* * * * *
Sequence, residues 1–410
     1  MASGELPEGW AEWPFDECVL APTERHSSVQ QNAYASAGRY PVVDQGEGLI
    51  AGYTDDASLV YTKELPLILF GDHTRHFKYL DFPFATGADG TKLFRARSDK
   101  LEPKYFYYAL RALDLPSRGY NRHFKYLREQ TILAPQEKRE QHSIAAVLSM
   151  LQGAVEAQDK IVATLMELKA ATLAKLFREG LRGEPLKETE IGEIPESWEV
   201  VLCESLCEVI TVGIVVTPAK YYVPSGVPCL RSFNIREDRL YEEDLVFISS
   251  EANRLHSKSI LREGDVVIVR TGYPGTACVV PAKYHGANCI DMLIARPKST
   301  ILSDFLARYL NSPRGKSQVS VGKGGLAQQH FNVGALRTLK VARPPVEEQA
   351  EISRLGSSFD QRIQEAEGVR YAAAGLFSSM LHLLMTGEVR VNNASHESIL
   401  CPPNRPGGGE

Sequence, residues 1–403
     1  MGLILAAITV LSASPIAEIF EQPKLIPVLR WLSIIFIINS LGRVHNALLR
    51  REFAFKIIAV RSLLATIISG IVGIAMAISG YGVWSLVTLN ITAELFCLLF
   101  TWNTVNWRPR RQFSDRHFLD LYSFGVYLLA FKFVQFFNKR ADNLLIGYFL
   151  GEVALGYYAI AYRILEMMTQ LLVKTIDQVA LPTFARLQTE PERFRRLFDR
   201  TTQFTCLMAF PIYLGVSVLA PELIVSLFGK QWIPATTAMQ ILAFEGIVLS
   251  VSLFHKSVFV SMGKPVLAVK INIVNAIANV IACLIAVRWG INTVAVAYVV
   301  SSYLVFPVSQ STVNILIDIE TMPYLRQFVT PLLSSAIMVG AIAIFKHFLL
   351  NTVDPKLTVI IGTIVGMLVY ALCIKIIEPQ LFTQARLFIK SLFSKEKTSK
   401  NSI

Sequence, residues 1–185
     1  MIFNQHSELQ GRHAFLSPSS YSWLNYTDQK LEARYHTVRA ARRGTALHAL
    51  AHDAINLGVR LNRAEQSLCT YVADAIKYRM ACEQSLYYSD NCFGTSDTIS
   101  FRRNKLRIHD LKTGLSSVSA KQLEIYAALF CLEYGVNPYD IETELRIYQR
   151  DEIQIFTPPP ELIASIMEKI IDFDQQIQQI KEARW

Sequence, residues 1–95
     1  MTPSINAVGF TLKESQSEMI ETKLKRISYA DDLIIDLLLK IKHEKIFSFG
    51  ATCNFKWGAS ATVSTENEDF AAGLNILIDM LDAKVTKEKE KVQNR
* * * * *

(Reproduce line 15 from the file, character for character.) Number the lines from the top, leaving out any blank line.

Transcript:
   151  GEVALGYYAI AYRILEMMTQ LLVKTIDQVA LPTFARLQTE PERFRRLFDR